In ‘Graham Thomas’ Mr. Austin had dramatically achieved it all: a strongly perfumed, repeat-flowering rose with a beautifully formed flower in an unexpected color. The strong yellow of ‘Graham Thomas’ is not a color found in the Old Roses and was rare then even among modern roses. The press and public swooned over the voluptuous, cup-shaped blooms with a strong, delicious Tea fragrance. From this turning point, gardeners across Great Britain, and eventually to the far corners of the globe, embraced Austin’s entirely new kind of rose.

David Austin’s English Roses are known for unique charm and character. Today, English Roses are available in a wide range of colors, from the softest blush pinks to the deepest, richest crimson, plus whites, creams, yellows, apricots and copper.

As a group, they are renowned for their breadth of fragrance, with different varieties featuring delicious scents of Old Rose, myrrh, fruity, musk or Tea.

David Austin always felt it was the breeder’s ultimate responsibility to capture the beauty of a rose at all stages. “Nature, left to her own devices,” he said, “finds it hard to produce anything that is ugly. The work of the plant breeder should always be to enhance nature, not to detract from it. We should strive to develop the rose’s beauty in flower, growth and leaf.”

David Austin Roses, the Next Generation
For the past three decades, David Austin Roses Ltd. has been helmed by Mr. Austin’s eldest son, David J.C. Austin. Under his leadership, the firm has grown into one of Britain’s leading rose nurseries and one of the world’s most respected rose breeding, growing and selling companies. He leads a team of horticulturists dedicated to his father’s breeding philosophy in one of the world’s finest rose breeding programs. Today, a third generation of family moves into a leadership role as Richard Austin — the founder’s grandson and David J.C. Austin’s son — serves the company as head of marketing.

David J.C. Austin, David C.H. Austin and Richard Austin

The company maintains a consistently strict commitment to the highest standards in breeding and trialing new varieties. Each year the Austin team makes 40,000 crosses between April and July to germinate more than 350,000 seedlings the following year. Successful rose breeding depends on meticulous planning and requires close attention to the smallest details.

To achieve the distinctive traits of English Roses, the Austin hybridizing team continues the ongoing quest to achieve new varieties with the mix of qualities and grace that set English Roses apart from others. Each final selection must satisfy strict criteria for Austin’s signature attributes of romantic color, fragrance, repeat bloom, a full bush, good health and charm. Disease resistance proved to be the ultimate challenge. Today, strides made in decades of hybridizing for this trait are evident. New English Roses exhibit unprecedented levels of natural strength, vigor and overall performance.

Following the initial selections, the most outstanding seedlings undergo eight years of field trials. Only candidates exhibiting a combination of all must-have traits move forward to be judged for that final elusive trait called “overall charm.” Each year, only two to four new varieties earn the title of English Rose.

To date, David Austin Roses has more than 200 English Rose varieties for the garden to its name. The collection features a surprising range of different flower forms, colors, scents and styles, plus varied bush habits and types including shrub roses, climbers, ramblers and tree roses.

The David Austin Rose Gardens

The David Austin Rose Gardens

Alongside the nursery and plant center in Albrighton, England, David Austin created his famous rose garden, considered one of the most beautiful rose gardens in the world. The two-acre garden hosts the National Collection of English Roses together with nearly every other type of rose available to gardeners, more than 700 varieties in all. The garden is divided into smaller themed areas designed to provide inspiration for rose lovers.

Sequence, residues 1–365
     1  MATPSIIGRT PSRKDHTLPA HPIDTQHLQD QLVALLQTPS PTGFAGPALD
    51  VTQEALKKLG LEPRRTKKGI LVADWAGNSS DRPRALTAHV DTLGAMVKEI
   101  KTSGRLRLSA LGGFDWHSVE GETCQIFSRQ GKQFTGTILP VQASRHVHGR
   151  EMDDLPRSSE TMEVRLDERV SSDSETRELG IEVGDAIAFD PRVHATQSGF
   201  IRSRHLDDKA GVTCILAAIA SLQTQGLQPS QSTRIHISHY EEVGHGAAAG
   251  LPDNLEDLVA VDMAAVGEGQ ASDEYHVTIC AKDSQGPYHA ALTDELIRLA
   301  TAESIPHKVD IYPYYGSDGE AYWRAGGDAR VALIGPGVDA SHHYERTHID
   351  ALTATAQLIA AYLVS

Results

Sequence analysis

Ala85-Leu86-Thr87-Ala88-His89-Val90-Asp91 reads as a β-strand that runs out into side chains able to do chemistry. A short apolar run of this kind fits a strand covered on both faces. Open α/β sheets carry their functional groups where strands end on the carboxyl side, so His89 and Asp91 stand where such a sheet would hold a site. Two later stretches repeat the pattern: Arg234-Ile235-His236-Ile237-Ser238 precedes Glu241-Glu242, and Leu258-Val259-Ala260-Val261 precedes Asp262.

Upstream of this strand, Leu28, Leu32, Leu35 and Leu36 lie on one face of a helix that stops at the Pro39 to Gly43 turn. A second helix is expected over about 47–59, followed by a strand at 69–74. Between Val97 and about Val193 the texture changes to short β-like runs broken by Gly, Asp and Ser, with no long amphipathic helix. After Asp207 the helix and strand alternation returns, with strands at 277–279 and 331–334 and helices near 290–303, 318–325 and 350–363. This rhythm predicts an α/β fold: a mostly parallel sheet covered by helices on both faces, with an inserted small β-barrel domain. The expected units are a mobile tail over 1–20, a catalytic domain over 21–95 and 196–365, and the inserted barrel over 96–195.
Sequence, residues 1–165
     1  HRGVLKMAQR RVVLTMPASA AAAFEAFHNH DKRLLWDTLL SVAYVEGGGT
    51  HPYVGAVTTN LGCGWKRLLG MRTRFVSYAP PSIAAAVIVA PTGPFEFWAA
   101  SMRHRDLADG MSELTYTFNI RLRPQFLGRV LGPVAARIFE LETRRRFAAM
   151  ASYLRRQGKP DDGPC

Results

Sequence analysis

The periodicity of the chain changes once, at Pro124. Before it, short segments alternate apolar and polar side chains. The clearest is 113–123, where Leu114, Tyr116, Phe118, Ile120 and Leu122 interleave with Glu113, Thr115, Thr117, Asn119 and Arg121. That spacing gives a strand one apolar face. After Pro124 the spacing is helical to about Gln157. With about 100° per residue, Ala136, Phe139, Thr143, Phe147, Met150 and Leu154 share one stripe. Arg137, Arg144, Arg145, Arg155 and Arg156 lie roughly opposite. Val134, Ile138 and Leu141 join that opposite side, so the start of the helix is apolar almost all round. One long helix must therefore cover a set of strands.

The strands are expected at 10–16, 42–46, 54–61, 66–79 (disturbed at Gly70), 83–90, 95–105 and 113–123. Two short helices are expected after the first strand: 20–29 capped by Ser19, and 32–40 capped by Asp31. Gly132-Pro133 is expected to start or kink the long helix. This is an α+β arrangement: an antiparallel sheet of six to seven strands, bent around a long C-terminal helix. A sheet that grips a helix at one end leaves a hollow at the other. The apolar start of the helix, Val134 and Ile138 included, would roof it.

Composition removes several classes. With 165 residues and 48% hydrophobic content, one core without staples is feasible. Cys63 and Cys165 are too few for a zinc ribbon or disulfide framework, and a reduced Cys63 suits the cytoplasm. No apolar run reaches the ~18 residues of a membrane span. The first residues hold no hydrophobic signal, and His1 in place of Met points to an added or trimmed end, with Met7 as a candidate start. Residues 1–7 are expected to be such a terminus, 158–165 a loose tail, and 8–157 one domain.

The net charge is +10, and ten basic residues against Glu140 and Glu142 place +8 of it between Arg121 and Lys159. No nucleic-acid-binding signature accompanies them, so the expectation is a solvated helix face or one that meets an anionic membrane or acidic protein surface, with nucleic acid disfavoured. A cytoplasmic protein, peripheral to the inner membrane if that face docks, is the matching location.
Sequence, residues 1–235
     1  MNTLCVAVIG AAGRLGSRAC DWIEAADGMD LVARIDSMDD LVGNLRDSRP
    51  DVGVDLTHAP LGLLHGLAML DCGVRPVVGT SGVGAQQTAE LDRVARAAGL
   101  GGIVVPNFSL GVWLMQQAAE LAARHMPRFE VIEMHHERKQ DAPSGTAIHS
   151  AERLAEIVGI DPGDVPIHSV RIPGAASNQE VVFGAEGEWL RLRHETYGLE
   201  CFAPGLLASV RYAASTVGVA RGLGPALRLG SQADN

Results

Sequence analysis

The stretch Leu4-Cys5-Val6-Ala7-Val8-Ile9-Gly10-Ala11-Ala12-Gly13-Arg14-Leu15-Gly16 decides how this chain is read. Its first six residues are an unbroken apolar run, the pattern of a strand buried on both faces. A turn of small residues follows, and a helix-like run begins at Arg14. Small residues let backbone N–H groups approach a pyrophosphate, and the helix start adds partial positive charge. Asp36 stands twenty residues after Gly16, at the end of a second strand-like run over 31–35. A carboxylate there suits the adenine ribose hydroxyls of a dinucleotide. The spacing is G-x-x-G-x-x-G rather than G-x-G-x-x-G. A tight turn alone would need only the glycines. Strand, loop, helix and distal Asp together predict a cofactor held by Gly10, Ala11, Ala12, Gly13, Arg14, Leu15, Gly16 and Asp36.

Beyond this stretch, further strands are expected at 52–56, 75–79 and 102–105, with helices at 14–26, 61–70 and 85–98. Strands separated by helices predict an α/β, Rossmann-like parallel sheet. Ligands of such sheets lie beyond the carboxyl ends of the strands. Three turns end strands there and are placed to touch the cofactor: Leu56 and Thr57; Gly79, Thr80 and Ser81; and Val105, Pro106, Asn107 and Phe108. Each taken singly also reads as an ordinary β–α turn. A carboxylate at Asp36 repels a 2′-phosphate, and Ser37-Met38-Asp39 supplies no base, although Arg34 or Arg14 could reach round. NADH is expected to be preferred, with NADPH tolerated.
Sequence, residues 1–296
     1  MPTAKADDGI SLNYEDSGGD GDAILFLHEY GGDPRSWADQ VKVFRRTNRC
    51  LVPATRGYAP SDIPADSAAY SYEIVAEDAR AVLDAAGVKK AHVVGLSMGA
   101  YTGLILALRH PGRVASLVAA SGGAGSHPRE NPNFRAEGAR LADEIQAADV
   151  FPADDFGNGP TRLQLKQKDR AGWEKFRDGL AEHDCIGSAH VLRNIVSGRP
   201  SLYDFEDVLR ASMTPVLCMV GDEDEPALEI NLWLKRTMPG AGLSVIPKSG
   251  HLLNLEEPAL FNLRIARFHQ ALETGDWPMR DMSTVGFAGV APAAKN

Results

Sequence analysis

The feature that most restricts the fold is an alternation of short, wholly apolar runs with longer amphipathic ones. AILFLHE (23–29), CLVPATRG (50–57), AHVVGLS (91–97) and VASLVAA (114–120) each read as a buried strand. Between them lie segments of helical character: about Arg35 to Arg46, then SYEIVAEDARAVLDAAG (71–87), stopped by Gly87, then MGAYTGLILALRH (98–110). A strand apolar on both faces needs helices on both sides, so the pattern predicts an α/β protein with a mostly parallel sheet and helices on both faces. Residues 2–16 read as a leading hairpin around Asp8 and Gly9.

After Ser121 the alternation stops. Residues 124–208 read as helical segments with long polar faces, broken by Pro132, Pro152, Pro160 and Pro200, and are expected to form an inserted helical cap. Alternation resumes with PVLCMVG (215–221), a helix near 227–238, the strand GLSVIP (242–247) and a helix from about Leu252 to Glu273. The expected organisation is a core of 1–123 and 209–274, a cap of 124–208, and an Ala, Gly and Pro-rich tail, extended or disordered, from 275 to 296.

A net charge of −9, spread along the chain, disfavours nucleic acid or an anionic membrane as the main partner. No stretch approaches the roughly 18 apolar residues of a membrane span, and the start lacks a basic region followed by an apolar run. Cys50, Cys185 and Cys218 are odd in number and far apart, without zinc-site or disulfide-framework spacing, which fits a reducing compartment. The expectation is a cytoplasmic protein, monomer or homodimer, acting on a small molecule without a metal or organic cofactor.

The Albrighton gardens inspired the design of David Austin’s English Rose Gardens in Osaka, Japan, which were officially opened in May 2012. It is the first David Austin garden of its kind outside of the UK and three thousand roses have been flourishing in the hot, humid conditions there. The tranquil garden featuring English Roses, perennials, shrubs and other plants is set in a beautiful rolling landscape with a koi pond and running stream.

David Austin Wedding & Event Roses
In 2004, the Austin team unveiled the results of another hybridizing quest: a 15-year program to develop a line of English Roses with all the attributes of the beloved garden roses but bred specifically for the luxury cut flower trade. In the U.S. and Canada, brides and party planners now have a choice of 17 gorgeous cut rose varieties, available through retail florists year-round.

English Rose ‘Olivia Rose Austin’

A Distinguished Career in Roses
In 2007, Mr. Austin was appointed Officer of the Order of British Empire (OBE) in the Queen’s birthday honors list for services to horticulture. On receiving the award, he said “Every day, I marvel at my good fortune to have been able to make a life out of breeding roses. It is always a great satisfaction to see the pleasure gardeners and rose lovers worldwide take in my roses.”

English Roses have won awards around the world for their garden performance and fragrance. David Austin Roses Ltd. has won dozens of gold medals for its exhibits at the Chelsea Flower Show and the Hampton Court Palace Flower Show. In 2009, David Austin’s rose ‘Graham Thomas’ received the rose world’s highest accolade when it was voted the World’s Favorite Rose by the World Federation of Rose Societies (WFRS) and inducted into its ‘Rose Hall of Fame’.

David C. H. Austin was also recipient of many personal awards. In 2003, he received the Victoria Medal of Honour from the Royal Horticultural Society for his services to horticulture. In 2010, he was honored as ‘Great Rosarian of the World’ by, jointly, New York’s Manhattan Rose Society and The Huntington Library Art Collection and Botanical Gardens in San Marino, California.

David C. H. Austin was an active rose breeder for practically his entire adult life. He and his late wife, Pat, an accomplished sculptress, had three children, Claire, David and James, and eight grandchildren. The beautiful sculptures that grace The David Austin Rose Garden in Albrighton were created by Mrs. Austin. Mr. Austin named the exquisite, copper-colored English Rose ‘Pat Austin’ in her honor.